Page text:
Serious mold issues may negatively impact your real estate investments, which is why it’s so important to have an inspection and to ask the current owner about any potential mold issues that they’ve experienced.
There is a potential to find mold in almost any home or property, but how that mold is handled is what matters. Mold mitigation techniques should be used as soon as mold is identified. Hiding it, or using tactics to cover it up before a sale, are unethical at best.
When a property owner sells a home or business with mold, it’s essential for them to get rid of the mold, or, if the buyer is willing to cure the mold, disclose that mold issue to them.
Why is mold such a big deal in real estate?
Mold is a big deal because of the threat it poses to the structure as well as to human health. Some kinds of mold, like Stachybotrys chart arum, which is also known as black mold, has the potential to cause serious health problems.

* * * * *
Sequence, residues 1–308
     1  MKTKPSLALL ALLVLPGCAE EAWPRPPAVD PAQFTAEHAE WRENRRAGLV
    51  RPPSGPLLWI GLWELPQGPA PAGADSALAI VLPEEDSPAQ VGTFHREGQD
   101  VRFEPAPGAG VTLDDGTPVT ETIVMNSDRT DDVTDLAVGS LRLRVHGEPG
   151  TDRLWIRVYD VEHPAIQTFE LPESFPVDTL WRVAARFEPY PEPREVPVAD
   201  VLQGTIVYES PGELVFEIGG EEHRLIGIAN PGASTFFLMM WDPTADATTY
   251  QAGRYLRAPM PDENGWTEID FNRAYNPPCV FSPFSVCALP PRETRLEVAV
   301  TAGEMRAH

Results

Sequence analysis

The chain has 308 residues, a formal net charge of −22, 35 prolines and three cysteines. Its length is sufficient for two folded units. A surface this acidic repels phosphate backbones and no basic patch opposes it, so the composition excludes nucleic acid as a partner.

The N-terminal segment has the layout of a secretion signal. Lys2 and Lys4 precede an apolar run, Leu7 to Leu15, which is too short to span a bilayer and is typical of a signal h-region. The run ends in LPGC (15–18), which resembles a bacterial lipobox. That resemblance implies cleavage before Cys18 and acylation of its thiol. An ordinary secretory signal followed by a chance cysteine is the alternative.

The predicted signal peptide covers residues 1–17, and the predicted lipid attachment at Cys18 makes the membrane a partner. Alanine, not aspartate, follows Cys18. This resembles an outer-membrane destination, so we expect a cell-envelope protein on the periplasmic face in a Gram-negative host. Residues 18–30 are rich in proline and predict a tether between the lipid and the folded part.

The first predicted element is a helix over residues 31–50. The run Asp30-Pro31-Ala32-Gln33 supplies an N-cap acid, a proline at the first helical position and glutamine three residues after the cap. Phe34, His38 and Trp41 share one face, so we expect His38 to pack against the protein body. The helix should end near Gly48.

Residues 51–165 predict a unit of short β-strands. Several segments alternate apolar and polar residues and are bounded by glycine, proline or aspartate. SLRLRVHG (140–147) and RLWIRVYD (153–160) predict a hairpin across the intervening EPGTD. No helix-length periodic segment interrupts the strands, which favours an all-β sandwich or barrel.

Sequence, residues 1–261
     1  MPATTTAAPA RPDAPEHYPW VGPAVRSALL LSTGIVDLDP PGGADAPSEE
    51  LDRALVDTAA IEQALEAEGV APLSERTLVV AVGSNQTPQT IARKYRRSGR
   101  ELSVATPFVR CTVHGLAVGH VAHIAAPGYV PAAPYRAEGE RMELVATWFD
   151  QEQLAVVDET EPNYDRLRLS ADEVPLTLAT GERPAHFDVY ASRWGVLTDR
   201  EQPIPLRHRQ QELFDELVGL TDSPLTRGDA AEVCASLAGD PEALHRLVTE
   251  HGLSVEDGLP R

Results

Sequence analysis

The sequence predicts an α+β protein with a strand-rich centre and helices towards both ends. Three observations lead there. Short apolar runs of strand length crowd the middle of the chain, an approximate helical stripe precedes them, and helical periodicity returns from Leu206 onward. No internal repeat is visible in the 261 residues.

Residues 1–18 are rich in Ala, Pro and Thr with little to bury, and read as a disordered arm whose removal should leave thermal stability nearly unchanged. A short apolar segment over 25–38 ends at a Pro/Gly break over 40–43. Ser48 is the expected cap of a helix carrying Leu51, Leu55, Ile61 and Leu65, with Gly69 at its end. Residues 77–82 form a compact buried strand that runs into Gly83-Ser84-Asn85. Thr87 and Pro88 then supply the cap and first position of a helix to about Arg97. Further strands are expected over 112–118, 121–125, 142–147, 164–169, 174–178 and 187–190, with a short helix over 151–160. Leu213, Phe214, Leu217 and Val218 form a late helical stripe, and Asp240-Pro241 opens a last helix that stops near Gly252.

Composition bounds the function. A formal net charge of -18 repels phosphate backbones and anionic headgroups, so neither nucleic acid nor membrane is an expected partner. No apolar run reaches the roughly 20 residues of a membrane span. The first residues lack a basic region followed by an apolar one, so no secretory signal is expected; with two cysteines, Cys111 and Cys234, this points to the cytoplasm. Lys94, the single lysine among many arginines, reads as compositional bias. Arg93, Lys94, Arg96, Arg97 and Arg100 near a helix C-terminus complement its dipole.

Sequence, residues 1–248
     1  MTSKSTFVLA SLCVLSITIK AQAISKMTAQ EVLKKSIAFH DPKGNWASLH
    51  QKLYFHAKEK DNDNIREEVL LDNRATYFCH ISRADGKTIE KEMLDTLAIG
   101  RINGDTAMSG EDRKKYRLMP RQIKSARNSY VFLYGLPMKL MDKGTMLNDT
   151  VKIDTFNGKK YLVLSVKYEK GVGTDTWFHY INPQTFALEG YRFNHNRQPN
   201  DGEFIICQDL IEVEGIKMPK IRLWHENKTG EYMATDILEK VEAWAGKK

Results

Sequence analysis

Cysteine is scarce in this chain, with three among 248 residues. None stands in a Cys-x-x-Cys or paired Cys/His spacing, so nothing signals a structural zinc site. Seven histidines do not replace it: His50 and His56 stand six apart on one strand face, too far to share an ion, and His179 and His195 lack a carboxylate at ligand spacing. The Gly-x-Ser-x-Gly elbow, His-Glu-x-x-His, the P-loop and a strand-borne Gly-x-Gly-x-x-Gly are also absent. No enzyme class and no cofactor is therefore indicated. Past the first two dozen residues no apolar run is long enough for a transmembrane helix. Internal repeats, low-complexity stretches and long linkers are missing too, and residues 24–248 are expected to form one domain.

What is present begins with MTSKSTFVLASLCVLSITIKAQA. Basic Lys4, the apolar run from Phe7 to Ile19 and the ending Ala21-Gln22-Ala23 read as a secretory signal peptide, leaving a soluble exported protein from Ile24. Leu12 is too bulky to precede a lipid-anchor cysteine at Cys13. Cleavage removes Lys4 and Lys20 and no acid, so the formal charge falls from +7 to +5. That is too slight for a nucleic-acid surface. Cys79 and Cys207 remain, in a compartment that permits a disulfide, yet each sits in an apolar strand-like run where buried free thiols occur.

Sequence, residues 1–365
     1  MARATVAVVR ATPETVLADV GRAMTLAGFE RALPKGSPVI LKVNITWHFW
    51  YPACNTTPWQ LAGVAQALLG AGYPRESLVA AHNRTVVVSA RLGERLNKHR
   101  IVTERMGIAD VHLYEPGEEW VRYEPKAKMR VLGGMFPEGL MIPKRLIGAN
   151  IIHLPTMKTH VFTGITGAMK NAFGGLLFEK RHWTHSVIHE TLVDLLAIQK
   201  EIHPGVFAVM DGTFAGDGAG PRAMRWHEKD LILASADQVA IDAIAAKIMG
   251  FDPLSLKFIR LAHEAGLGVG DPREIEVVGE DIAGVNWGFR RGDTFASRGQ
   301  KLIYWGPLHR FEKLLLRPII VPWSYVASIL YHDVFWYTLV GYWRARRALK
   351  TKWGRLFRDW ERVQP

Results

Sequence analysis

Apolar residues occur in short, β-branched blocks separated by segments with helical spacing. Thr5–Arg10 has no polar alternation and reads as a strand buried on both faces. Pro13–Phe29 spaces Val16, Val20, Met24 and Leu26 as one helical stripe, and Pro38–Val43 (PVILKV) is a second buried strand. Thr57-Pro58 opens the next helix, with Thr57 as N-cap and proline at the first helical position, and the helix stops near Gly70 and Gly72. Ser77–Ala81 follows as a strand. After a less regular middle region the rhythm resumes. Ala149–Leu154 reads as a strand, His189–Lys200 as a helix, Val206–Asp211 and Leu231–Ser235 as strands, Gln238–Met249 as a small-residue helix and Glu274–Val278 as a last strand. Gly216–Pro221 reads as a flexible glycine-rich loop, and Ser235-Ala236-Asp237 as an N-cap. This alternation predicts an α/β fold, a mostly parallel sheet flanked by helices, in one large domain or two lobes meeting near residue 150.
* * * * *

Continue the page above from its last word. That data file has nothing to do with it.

While small amounts of mold aren’t particularly troublesome to most people, large sections of mold show that there are problems with the property. Whether that’s a moisture barrier that has failed or trouble with the water lines or roofing, the presence of mold is a bad sign and could make potential buyers run from a sale.
What should you do to protect yourself against buying a mold-ridden property?
If you’re the one looking to buy a property that has mold, be cautious and have an inspection performed to find out if it’s something that can be eradicated. Even if a home or property doesn’t have visible mold, it could be behind walls, in a crawlspace, in an attic or in another seldom-seen area of the home. It’s worth the time and expense of hiring in an inspector who can specifically look for, and identify, moldy areas of the property.
Mold has the potential to cause health problems, such as asthma and lung complications, sneezing, a runny nose and other issues. If you find out that a property you purchased had a mold problem that was not disclosed to you, then you may be able to file a claim against the previous owner.